Certainly there is need to reach further: for example, to all levels of people involved in education. Certainly, there is Lonergan’s point, at the end of “Healing and Creating in History”: some other group may catch on to the right pattern of global collaboration. You, Hugh, have tried groups, and others have also (I think of Bob Henman’s gallant but failed efforts in the world of Education in Nova Scotia: a clue for us to the difficult challenge of “bearing fruit” [Method, 355, line 16]). It seems to me that Lonergan followers are significant groups and worth bringing round—a key educational move—to the grim truth that they are being duped by old-style commonsense eclecticism, that Lonergan’s aspirations were as I have identified them. So there is my first line of hope: might there be an “embarrassing of their polite company” (Method, 299), by me, by students, by people like you Hugh, that would force them to get serious about the intent of Jesus and Lonergan? Might such a shift impact the Vatican, so that its pettiness miraculously blossom into Christian seriousness? Like you, Hugh, “I do not see any short cuts.” But we need short-term cutters, like small groupings that are serious about “a resolute and effective intervention in the historical process” (Phenomenology and Logic, CWL 18, 306).

    Talking of cuts, we need the short-term cut out of the type of idiot “effete” (Method, 99, line 10) paper-peddling meetings that prevail in Lonergan studies. Would that not be a start?

    I’ll come back to “starting” immediately after this paragraph, which is a pause regarding, re guarding, the longer haul. We need to start—now and here, in an hour’s pause by you perhaps: is not that an unrealistic suggestion in our sick hurried lives?—generating slowly the molecular ethos in ourselves of humanity being at its beginning, using whatever terms suit and bone and hone self, the group or the occasion [Lonergan’s various pointers, Voegelin’s, Toynbee’s: all quite beyond Jaspers’]. We are perhaps millennia away from a serious Bell-Curve—or heavens, Poisson curve!—start. In “Arriving in Cosmopolis” (on the website in English and Spanish) I talk of the tenth millennium. I concluded the book Allure (pp. 249–251) with an Epilogue on “The Birth of Christianity”: the real birth is to be something of the positive Anthropocene; the present Christian institutions are pattern-locked into the declines of the ongoing sick Axial Period. SO: an ethos of long-term hope is needed, meshed with the local and personal urgency of “saviors without borders” (see the quotation below, “(30)”). The ethos is symbolized in my image of The Leaning Tower of Able: we need to lean, physically and psychically, into a future that calls our molecules into fantasy. One can find the seeds of such a mood in Lonergan’s 1936 “Essay on Fundamental Sociology,” the ending to which is the source of my question, “Do you view humanity …?” Two quotes to cherish from there (Lonergan’s Early Economic Research)—the first sadly applies to schools of Lonergan studies: “As Mme. Kollontai put it, ‘immorality is progressing favorably in the schools’”(28). Am I here being offensive and annoying? Good! Then there is “the stupid appeal to a common language and a unified geographical position as something of real significance” (30). The human future is a global thing, not American nor Chinese, nor indeed ‘United Nations’. Its care and effective control is to be in the elder hands of the fourth and fifth specialties. Now there you have a challenge of fantasy, an Oz beyond Plato’s Republic!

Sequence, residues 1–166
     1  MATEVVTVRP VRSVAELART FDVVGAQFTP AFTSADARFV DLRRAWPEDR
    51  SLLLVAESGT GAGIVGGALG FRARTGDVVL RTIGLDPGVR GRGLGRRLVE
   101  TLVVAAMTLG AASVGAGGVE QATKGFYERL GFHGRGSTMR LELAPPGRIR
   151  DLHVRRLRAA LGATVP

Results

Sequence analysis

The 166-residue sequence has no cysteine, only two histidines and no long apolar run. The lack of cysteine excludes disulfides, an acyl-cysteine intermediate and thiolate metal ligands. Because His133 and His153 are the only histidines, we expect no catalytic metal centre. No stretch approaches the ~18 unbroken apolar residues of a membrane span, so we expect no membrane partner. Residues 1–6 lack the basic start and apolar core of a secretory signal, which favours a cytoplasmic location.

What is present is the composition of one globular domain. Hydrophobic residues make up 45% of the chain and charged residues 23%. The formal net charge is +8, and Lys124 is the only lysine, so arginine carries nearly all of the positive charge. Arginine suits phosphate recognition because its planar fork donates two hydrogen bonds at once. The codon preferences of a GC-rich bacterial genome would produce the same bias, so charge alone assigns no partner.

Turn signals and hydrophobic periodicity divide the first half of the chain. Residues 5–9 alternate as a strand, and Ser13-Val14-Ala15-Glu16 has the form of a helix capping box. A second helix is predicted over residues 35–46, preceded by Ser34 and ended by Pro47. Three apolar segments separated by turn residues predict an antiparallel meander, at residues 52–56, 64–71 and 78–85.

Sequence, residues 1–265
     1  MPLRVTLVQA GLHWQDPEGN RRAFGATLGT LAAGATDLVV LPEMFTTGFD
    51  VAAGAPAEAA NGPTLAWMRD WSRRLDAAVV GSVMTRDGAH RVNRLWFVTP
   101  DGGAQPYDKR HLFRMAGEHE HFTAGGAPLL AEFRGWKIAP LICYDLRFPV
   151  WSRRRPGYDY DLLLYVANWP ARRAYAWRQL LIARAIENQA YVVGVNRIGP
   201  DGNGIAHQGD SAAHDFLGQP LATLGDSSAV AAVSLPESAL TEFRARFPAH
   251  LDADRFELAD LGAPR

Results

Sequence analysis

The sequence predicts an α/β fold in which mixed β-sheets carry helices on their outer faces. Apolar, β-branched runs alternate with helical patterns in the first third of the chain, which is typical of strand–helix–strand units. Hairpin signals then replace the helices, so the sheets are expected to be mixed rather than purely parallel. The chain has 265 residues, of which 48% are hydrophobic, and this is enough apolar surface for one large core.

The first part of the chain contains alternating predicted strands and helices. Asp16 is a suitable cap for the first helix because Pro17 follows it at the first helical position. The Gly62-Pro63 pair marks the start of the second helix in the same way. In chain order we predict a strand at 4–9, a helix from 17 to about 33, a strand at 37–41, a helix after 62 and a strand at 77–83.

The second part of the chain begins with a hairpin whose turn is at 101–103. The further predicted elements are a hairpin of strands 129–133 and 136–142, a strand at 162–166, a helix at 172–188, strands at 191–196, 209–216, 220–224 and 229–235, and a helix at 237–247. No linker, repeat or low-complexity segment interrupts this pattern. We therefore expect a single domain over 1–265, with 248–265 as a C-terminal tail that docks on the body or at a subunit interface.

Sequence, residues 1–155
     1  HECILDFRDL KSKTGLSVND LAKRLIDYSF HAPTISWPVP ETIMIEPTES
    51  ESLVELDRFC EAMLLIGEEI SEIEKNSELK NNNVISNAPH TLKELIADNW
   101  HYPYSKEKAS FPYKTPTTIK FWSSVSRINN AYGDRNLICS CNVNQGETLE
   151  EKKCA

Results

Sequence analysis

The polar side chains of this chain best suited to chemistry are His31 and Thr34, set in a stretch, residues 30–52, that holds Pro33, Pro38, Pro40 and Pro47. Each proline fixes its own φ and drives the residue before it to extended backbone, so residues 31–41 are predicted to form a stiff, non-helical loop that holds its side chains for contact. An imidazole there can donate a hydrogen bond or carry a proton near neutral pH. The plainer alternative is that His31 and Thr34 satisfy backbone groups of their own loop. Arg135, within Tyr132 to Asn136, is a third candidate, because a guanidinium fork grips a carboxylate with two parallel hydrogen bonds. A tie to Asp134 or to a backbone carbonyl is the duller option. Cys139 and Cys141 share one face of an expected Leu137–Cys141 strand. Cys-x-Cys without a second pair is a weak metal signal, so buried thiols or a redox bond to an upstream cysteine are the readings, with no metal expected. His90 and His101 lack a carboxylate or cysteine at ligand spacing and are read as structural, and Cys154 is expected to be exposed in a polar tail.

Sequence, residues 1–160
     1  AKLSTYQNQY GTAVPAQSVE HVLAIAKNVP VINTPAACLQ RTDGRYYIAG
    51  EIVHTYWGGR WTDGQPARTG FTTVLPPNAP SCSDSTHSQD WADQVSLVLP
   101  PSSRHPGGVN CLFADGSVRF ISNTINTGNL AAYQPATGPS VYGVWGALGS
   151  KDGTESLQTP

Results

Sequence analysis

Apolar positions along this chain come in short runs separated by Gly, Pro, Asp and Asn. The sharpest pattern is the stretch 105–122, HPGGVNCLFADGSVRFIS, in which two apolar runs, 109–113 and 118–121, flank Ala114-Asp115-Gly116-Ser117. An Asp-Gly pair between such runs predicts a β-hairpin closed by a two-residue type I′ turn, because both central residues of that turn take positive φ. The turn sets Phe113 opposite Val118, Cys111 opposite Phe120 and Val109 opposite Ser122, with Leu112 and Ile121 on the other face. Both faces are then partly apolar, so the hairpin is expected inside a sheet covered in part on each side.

Back to the issue of starting. There is to be noted first the realism of my Christian philosophy: the drive to the serious interiority, the full generalized interiority of A Third Collection (141 top) is a factual feature of the oddity of that tradition: but I would note that it is not a tradition. There is a bogus version in Lonerganism that sneaks along in “initial meanings” (a central topic in the later parts of Allure), one which no doubt will claim that Aristotle seeded such a tradition. And indeed, regarding starting I would suggest (see chapter 1 of my Method in Theology: Revisions and Implementations) that, whereas Lonergan personally could put his serious interiority in as basic in history (Method, ch. 5, section 3), the historical ground for a tradition of serious interiority is going to be the dynamics of functional cycling. So, probably (stats here: Poisson!) economics and education will ping-pong, in a climate change crisis and ecological revolution, towards a push into bits of FS. Gradually other zones will, literally, get forced into that swing. (Recall my first ineffective push in 1969 re needy musicology (See the The Shaping of the Foundations, chapter 2: a paper of the Florida Lonergan Conference of 1970): the neediness is a set of emergent recurrence schemes for the recurrent-schemes of the cyclic collaboration in all areas of inquiry).